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GOP senators make last-ditch bid to repeal ObamaCare
A small group of Republican senators will make a last-ditch effort at repealing ObamaCare on Wednesday, taking a final shot before a deadline expires at the end of the month.
The plan faces extremely long odds, but Senate GOP leadership is not fully ruling it out, though leaders are taking a decidedly hands-off approach.
The GOP faces a deadline of Sept. 30 before the fast-track authority to pass a bill without needing Democratic votes expires. The White House has signaled support, but it is far from clear whether that is enough.
So far, the only senators backing the measure are Sens. Bill Cassidy (R-La.), Lindsey Graham (R-S.C.), Dean Heller (R-Nev.) and Ron Johnson (R-Wis.).
Senate Majority Leader Mitch McConnell (R-Ky.) met with Cassidy and Graham about the bill Tuesday and told the pair they need to find 51 votes and build support on their own, according to Cassidy.
"He just says we need 50 votes," Cassidy told The Hill after the meeting. Fifty votes would allow Vice President Pence to cast a tie-breaking vote.
Many Republicans are moving on to tax reform. Restarting the ObamaCare repeal debate after a repeal bill's stunning defeat by one vote in the Senate in July would reopen old wounds.
"It's a double, double bank shot in order for that to happen," Sen. John Thune (S.D.), the Senate's No. 3 Republican, said of the effort on Tuesday.
But he noted that supporters have been lining up backing from Republican governors, an important step.
"If it looks like this thing's starting to get some traction, I think that we'll do everything we can to help speed it along," Thune said. "We'll see where the discussions go but, you know, the clock's ticking and it's a pretty short window."
Asked on Monday if he had lined up any additional supporters, Cassidy listed only Johnson, Heller and Sen. John McCain (R-Ariz.).
McCain said he supported the bill last week before later walking back his comments somewhat and saying that he wanted committee hearings on it.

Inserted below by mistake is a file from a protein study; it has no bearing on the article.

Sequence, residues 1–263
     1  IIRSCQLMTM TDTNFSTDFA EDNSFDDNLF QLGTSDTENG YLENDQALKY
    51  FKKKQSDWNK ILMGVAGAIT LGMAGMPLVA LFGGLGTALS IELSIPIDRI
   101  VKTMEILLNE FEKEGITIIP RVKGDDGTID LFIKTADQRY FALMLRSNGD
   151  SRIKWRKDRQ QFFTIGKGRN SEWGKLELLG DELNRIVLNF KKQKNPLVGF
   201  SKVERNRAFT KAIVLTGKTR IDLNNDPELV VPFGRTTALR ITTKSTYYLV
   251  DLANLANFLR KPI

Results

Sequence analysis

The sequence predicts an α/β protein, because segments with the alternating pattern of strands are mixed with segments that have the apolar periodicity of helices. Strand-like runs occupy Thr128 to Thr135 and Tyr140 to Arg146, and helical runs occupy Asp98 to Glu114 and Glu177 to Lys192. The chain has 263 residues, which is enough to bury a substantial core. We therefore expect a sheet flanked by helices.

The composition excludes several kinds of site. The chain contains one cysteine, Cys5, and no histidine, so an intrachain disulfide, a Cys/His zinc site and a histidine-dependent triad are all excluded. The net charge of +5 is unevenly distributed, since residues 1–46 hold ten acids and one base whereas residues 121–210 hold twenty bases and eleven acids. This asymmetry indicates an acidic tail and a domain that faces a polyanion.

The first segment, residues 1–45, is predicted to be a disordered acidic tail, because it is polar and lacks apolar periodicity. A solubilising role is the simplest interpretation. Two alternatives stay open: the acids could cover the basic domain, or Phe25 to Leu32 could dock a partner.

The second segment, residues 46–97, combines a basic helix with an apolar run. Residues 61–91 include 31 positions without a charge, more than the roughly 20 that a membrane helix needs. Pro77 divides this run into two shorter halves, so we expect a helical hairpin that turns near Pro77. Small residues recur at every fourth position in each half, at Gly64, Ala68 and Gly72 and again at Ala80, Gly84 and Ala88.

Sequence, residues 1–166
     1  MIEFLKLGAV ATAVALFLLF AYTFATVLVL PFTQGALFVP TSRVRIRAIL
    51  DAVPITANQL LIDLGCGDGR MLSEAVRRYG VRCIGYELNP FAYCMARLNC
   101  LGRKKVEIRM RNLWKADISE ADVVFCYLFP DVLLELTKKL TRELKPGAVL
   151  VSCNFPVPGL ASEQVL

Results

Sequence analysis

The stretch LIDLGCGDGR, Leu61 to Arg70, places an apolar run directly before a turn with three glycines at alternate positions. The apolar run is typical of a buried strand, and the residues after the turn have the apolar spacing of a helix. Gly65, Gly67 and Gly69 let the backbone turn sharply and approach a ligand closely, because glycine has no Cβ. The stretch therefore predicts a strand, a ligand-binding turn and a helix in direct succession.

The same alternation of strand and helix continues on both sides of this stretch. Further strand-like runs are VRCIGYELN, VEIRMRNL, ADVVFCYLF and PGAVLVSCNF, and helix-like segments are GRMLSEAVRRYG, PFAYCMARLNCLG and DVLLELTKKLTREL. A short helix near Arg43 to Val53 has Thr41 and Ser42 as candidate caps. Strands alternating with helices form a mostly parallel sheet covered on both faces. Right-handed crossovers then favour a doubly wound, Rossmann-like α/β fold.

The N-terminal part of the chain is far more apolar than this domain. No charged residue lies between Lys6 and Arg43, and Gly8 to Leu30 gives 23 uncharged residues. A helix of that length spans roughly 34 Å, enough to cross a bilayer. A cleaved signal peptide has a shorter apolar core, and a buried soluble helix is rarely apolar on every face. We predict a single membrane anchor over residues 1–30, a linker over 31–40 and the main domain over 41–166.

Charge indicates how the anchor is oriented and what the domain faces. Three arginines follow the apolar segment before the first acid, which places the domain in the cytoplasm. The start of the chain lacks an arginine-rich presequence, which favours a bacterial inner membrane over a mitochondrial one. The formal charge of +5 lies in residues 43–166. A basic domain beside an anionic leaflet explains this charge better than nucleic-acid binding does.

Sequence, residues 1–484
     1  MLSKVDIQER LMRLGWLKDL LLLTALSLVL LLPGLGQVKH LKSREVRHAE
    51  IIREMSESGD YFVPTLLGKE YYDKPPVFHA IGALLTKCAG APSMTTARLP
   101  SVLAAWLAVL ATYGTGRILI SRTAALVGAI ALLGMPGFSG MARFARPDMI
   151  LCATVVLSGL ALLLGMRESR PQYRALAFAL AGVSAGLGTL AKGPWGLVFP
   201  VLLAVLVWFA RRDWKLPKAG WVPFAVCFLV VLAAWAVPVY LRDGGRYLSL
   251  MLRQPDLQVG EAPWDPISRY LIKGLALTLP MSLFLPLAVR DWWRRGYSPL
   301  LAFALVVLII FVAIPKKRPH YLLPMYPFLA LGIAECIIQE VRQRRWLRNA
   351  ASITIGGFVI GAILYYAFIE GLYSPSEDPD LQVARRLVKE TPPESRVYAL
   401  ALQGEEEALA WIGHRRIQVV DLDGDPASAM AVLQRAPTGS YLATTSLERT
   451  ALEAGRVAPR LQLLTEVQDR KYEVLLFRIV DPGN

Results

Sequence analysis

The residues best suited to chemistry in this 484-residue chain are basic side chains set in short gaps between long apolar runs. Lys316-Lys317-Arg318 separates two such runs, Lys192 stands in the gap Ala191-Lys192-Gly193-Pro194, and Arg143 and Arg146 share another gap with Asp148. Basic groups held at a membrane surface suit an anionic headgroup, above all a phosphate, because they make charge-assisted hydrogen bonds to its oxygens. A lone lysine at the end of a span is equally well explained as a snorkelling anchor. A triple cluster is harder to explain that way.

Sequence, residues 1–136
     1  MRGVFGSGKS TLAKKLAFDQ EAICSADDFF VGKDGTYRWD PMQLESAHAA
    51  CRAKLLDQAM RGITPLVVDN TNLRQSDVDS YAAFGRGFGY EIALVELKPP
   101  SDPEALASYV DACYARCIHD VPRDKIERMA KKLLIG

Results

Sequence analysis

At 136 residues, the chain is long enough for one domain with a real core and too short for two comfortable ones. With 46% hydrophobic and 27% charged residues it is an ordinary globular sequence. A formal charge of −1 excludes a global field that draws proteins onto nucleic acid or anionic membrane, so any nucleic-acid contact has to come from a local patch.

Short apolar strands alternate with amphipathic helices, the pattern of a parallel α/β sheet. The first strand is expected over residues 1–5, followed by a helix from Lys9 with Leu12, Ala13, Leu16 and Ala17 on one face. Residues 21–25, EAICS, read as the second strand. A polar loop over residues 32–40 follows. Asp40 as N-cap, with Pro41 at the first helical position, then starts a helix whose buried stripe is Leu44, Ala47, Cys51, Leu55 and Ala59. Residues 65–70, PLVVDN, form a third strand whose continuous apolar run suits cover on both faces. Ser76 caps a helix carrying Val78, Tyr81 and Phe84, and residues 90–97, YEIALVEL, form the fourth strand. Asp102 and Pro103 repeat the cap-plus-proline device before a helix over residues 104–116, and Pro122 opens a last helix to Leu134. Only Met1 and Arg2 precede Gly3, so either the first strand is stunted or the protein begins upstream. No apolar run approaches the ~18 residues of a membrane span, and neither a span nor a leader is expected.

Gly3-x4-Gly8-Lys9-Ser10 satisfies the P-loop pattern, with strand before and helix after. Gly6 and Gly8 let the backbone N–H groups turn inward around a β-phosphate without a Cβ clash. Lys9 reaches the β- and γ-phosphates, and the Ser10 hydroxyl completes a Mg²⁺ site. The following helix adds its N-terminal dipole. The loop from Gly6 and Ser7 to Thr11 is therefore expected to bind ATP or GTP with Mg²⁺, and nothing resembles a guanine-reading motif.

"We're trying to do everything in parallel but that has not yet been fully developed," Cassidy said of lining up support.
"I think the way forward at least as of today is not clear, but those discussions are underway and we'll see where they go," McConnell said Tuesday.
In a further blow to the bill's chances,
Sen. Rand Paul (R-Ky.) said Monday that he opposes it because the measure leaves too many taxes and regulations in place.
"I don't think it's going anywhere," Paul said. "I haven't heard anybody talking about it."
Just three Republican no votes would kill the bill.
Sens. Susan Collins (R-Maine) and Lisa Murkowski (R-Alaska) voted against all three main repeal bills in July, though they have not definitively opposed the new effort.
Heller, though, who is vulnerable in his reelection race next year and opposed the Senate's main replacement bill in July, is a supporter.
"It'll take the decisionmaking process and money out of Washington and bring it back to the states," Heller said at a hearing on Tuesday.
His support for the alternative repeal approach comes as he is trying to thread the needle on health care, caught between a Democratic challenger hitting him for any effort to repeal the law and a Republican primary challenger saying he did not go far enough.
Rep. Jacky Rosen (Nev.), his top Democratic opponent, pointed to Medicaid cuts in the bill in an interview with The Hill last month. "The new bill that his name is on wants to cut Medicaid funding," Rosen said.
Another hurdle is that given the Sept. 30 deadline, the House would likely have to accept whatever the Senate passed without changes.
House GOP aides say that the general attitude in their chamber has been waiting for the Senate to do something, and many have not yet made definitive judgments.
The White House, though, has been more favorable, and has worked with the bill's Senate backers. White House adviser Kellyanne Conway said last week that President Trump would sign the bill.
White House aide Paul Teller told House GOP staffers at a Republican Study Committee meeting on Monday that the administration is watching the Graham-Cassidy effort "very closely," according to a House GOP aide.
But Teller did not go so far as to say the White House is pushing for the bill, the aide said.
The proposal would end ObamaCare's federal funding for subsidies to help people buy insurance and the money for Medicaid expansion. Instead, that funding would be given to states in a block grant.
Democrats warn that the block grants would be too small, though, and would mean cuts. They point to a study from the liberal Center on Budget and Policy Priorities that found that nationwide, the bill would result in a 34 percent cut in spending compared to ObamaCare over 10 years.